EDINBURGH | GLASGOW | ABERDEEN | INVERNESS | DUNDEE | PERTH

Letters To Morrissey

at Traverse Theatre

* * * * -

Gary McNair tells an outsider’s story via the most iconic one of all.

Image of Letters To Morrissey

Gary McNair and Morrissey – two beta males with uncommon faith in their own artistic vision, and the talent to back it up. McNair, the storytelling playwright and indie theatre darling, has a star firmly in the ascendancy after previous Fringe hits like Donald Robertson Is Not A Stand-Up Comedian and A Gambler’s Guide To Dying. Morrissey, mopey singer and former indie music darling, is in a periodic, hopefully not terminal, career dip, due to a series of recent comments that are beyond the scope of this review to discuss. Suffice to say, reaction to them depends on whether you think he’s voicing the opinion of the misunderstood English working class (like he always has) or you like to use your tweets to “call out” “problematic” people. This isn’t McNair’s attempt to rehabilitate him. In fact, one imagines a few lines have had to be recently added to acknowledge that Moz isn’t in everybody’s good books right now.

In one sense though, Morrissey is most definitely a tool. He is, like stand-up comedy and a gambling grandad were in those previous works, a prism through which McNair can interpret traumatic childhood experience – here, the troubles of a friend living through domestic violence. The young McNair, wanting advice and unable to find it from the usual sources, embarks on unrequited correspondence with his idol, hoping the bequiffed one might give him the insight he seeks. All McNair’s stylistic markers are present and correct – the Jackanory delivery; the tint of nostalgia; the troubled teens; the comic, but kindly, authority figures; the reflection of adult life in childhood. Fans of McNair’s work, or newcomers to his style, will find much to warm to.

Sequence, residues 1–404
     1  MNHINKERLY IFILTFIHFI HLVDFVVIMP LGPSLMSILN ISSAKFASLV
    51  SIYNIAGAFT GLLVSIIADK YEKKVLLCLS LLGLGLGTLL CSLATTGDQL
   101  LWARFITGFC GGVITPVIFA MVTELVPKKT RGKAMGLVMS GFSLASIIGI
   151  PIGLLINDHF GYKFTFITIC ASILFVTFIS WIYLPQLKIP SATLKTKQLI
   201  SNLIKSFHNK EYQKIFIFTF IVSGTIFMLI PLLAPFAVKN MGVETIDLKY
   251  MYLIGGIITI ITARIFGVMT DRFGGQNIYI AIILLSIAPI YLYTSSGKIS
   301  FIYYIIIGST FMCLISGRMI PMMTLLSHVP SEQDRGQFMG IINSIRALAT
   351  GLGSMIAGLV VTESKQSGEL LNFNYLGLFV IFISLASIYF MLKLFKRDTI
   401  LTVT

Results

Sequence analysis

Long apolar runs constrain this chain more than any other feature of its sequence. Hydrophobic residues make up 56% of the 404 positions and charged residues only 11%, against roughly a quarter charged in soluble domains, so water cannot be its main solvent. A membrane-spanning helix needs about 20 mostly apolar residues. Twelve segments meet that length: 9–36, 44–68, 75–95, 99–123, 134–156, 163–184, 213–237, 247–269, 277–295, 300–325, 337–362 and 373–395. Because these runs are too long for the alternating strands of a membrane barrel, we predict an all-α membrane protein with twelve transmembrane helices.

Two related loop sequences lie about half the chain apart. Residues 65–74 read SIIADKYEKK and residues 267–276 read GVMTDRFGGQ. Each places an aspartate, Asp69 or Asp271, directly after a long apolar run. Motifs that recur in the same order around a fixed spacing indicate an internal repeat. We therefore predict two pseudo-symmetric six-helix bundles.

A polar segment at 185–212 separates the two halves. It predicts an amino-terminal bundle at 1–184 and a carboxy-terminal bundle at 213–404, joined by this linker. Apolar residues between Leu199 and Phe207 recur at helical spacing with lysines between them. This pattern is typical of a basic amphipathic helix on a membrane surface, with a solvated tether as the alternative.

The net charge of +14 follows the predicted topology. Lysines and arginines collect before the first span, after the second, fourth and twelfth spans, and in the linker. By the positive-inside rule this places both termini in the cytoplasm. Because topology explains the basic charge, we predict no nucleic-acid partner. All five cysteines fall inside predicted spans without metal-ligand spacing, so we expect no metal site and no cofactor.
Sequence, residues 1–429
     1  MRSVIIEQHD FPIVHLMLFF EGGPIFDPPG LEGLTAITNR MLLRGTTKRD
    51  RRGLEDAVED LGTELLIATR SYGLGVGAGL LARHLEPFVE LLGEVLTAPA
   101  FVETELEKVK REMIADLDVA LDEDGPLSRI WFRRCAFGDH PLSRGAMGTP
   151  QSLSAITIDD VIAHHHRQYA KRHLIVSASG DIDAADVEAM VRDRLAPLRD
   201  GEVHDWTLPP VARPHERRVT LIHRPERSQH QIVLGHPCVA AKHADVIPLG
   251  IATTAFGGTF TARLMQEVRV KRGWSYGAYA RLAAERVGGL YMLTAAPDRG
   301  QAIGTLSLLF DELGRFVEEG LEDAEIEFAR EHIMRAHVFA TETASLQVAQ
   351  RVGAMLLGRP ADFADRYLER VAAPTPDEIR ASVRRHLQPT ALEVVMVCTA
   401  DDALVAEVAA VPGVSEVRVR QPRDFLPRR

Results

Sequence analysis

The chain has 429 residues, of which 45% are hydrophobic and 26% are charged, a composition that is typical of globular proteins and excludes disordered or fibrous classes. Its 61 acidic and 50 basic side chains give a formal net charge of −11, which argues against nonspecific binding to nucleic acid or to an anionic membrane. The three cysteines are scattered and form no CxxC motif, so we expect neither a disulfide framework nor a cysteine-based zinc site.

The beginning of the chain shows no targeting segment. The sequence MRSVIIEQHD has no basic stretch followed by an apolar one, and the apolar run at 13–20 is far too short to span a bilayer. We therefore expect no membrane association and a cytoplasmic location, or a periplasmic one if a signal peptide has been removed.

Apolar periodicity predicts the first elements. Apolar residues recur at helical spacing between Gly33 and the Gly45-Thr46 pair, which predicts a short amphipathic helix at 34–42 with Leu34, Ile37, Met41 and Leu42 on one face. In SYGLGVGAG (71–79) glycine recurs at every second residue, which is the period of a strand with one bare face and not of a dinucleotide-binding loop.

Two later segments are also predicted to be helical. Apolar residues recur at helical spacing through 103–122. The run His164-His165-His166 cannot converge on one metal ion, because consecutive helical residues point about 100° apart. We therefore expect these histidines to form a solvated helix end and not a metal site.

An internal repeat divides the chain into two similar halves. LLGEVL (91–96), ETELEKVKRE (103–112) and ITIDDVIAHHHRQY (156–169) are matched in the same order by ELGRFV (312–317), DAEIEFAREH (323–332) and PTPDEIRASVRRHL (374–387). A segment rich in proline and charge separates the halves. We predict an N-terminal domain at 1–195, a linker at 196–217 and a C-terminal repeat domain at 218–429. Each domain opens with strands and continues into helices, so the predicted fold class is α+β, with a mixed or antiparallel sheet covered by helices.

But it could have been much more. The wit of Morrissey and the charm of McNair could have combined triumphantly. Yet, although McNair drops more Smiths quotes than Chris Packham on an episode of Springwatch, we get no sense of Morrissey’s singular grip on fans’ imagination, why he wins people over so completely. We’re told he does, but how he does remains elusive. McNair subsumes Morrissey’s style into his own, removing the depth of flavour he could have imparted to the piece, reducing him to mere emblem. This could be anyone who inspires devotion. A gig scene conveys so generic an experience, it could be Foo Fighters playing the O2. No-one wants a Mozzier-than-thou display of fan geekery, but he’s in danger of disappearing into the well-worn grooves of popular imagination, the miserable singer your Granny might have vaguely heard of.

Two outsider wordsmiths, and it turns out this play ain’t big enough for the both of them. McNair wins, and as always has produced a piece of sincerity, humour and kindness, that implores us to look differently at others. That’s objective met. But to have done that whilst also tempting the unconvinced with the power of Morrissey in his prime would have added another dimension.

 

/ @peaky76


Robert is the Managing Editor of The Wee Review and has been writing for the site since early 2014. Previously, he was manager of the Yorkshire arts website, digyorkshire. He pays bills by working for a palliative care charity and lives in Edinburgh.

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